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  9.  96
    Philosophy’s Artful Conversation, by D. N. Rodowick. [REVIEW]Timothy Yenter - 2016 - Teaching Philosophy 39 (4):565-567.
    Philosophy’s Artful Conversation draws on Gilles Deleuze, Stanley Cavell, and the later writing by Ludwig Wittgenstein to defend a “philosophy of the humanities.” Both because film studies is historically a site of contention and theoretical upheaval and because Rodowick accepts Cavell’s idea that (at least in the American context) film is philosophy made ordinary, bringing philosophical questions of skepticism and perfectionism into filmgoers’ lives inescapably, it makes sense to build this vision for the humanities out of writing on film. Although (...)
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  10. Jamie C. Kassler, Seeking Truth: Roger North’s Notes on Newton and Correspondence with Samuel Clarke, C. 1704–1713. [REVIEW]Timothy Yenter - 2015 - Isis 106 (4):925-926.
  11.  15
    Samuel Clarke.Timothy Yenter - 2020 - In Dana Jalobeanu & Charles T. Wolfe (eds.), Encyclopedia of Early Modern Philosophy and the Sciences.
    Samuel Clarke (1675–1729) profoundly shaped early eighteenth-century European philosophy with an a priori demonstration of the existence of God and influential defenses of substance dualism and human freedom. Throughout his works, he defended absolute space, the passivity of matter, and constant divine activity in the world, which jointly provided a metaphysical basis for the quickly popularizing Newtonian thought.
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  12.  7
    Harmony in Spinoza and His Critics.Timothy Yenter - 2018 - In Beth Lord (ed.), Spinoza’s Philosophy of Ratio. Edinburgh: Edinburgh University Press.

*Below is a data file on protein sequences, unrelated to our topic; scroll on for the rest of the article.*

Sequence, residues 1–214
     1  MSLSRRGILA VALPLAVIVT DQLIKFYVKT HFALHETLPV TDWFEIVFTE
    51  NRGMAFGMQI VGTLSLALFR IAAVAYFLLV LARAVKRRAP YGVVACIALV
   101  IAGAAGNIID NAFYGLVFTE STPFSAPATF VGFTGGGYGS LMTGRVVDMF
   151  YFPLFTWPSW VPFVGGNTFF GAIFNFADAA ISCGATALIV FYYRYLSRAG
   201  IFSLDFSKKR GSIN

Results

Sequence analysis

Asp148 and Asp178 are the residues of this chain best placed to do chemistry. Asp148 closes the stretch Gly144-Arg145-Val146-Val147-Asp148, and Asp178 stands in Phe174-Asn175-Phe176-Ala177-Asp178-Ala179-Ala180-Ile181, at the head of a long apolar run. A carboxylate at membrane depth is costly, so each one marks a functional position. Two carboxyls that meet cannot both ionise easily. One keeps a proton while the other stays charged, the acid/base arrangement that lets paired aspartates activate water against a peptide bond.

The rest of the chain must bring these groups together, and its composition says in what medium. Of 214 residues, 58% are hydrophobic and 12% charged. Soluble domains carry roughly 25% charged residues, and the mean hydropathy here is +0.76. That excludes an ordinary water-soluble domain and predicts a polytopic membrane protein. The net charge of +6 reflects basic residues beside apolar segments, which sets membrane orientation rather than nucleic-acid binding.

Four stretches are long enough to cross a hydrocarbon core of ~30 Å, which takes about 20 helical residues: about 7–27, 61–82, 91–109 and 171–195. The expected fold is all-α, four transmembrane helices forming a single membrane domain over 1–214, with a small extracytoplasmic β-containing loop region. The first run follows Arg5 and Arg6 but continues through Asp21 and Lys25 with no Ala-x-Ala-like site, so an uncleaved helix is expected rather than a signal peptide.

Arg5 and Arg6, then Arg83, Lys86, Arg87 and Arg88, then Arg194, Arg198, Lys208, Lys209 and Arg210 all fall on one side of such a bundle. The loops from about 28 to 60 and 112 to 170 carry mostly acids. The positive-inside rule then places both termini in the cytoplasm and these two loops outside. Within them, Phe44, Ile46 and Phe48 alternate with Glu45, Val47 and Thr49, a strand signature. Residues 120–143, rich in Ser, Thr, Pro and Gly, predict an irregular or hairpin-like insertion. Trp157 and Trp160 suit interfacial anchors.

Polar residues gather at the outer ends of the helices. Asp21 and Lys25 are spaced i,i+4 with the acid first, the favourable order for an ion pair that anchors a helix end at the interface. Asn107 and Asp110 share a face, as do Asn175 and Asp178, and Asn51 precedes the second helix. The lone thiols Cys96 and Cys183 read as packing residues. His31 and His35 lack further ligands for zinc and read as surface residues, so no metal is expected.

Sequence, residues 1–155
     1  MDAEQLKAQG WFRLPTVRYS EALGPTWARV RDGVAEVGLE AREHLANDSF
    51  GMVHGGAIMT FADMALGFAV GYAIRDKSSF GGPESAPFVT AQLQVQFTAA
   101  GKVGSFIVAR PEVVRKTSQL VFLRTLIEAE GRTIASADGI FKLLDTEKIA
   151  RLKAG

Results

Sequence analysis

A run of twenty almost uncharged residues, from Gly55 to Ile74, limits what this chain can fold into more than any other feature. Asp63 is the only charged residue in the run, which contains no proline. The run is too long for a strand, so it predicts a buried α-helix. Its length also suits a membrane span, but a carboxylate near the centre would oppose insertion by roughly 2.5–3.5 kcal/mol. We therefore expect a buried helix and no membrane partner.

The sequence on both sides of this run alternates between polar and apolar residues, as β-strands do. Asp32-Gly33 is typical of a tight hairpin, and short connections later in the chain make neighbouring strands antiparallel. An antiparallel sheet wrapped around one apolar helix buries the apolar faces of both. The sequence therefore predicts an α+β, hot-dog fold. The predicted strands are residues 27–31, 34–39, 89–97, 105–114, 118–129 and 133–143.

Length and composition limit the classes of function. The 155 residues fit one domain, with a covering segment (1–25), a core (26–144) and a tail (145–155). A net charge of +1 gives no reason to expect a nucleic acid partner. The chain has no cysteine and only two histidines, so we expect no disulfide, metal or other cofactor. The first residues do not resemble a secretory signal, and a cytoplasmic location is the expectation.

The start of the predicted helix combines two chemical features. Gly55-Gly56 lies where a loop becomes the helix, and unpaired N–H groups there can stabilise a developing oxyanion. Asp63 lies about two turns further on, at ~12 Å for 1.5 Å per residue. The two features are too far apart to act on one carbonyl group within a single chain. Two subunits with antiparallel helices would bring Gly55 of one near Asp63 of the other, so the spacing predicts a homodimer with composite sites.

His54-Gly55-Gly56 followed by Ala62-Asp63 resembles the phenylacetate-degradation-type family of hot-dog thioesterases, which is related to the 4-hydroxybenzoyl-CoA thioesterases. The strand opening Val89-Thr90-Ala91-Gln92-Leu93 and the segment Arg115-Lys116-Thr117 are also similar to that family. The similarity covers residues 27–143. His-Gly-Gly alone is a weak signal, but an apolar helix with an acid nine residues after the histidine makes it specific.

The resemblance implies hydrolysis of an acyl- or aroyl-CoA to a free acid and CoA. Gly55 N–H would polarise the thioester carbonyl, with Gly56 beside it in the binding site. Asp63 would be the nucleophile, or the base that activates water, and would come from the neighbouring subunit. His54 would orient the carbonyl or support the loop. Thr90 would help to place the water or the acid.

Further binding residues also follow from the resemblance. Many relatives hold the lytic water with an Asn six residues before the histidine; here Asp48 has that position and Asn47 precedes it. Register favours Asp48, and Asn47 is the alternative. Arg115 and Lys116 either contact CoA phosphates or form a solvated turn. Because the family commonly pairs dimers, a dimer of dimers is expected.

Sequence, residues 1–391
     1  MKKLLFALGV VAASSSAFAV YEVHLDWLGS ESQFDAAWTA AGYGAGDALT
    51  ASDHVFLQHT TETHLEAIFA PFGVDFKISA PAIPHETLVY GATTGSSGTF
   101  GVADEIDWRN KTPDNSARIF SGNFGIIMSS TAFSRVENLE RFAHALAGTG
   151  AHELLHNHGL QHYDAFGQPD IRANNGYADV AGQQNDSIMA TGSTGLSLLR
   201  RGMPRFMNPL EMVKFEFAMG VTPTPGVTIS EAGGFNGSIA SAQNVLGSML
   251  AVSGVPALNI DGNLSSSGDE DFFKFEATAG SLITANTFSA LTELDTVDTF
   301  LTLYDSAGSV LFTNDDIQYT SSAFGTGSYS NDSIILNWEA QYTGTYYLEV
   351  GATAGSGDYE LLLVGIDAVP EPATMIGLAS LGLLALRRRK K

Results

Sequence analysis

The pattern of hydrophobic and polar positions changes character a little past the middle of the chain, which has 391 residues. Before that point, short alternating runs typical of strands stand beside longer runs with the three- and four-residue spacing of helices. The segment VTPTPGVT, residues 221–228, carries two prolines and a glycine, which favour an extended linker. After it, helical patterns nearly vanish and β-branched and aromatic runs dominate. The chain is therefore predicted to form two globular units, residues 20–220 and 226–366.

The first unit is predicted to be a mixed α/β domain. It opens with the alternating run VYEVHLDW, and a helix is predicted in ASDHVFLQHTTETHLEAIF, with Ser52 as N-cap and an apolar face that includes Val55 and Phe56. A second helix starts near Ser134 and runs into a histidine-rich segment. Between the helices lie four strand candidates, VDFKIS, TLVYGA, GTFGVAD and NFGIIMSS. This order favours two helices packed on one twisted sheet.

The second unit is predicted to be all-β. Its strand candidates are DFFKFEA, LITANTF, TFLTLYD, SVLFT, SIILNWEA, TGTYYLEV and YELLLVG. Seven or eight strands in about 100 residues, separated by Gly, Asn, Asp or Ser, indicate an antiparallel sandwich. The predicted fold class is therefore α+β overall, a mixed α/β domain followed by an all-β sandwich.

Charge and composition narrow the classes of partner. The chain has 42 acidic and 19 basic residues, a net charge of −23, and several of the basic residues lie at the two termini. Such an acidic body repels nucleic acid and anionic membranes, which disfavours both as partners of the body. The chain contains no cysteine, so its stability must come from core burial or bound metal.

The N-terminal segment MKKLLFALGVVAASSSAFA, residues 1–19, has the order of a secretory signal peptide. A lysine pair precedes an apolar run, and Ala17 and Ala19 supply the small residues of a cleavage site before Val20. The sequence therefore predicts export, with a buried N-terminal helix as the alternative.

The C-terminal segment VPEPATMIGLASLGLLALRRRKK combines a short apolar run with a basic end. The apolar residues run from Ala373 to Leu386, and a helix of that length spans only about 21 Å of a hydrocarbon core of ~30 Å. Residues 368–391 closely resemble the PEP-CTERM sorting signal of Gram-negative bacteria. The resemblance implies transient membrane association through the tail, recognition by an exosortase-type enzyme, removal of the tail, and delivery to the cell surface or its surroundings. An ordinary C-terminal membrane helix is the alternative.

Spinoza is in a potentially untenable position. On the one hand, he argues that those who claim to see harmony in the universe are badly mistaken; they are falsely imagining rather than properly reasoning. On the other hand, harmony is positively discussed in his ethical writings and even serves as the basis for his vision of society. How can both be maintained? In this chapter l argue that this prima facie conflict between the two treatments of harmony is resolvable, but (...)
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  13. Hume.Timothy Yenter - forthcoming - In Greg Ganssle & Ben Arbour (eds.), Christian Theology and the Modern Philosophers.
     
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  14.  26
    Peter R. Anstey (Ed.), The Oxford Handbook of British Philosophy in the Seventeenth Century. [REVIEW]Timothy Yenter - 2014 - Notre Dame Philosophical Reviews:xx.
    The volume is an excellent introduction to experimental natural philosophy and to moral and political philosophy in English-speaking countries in the seventeenth century, but the reader should be aware that other historically significant and philosophically interesting arguments from the period are not addressed.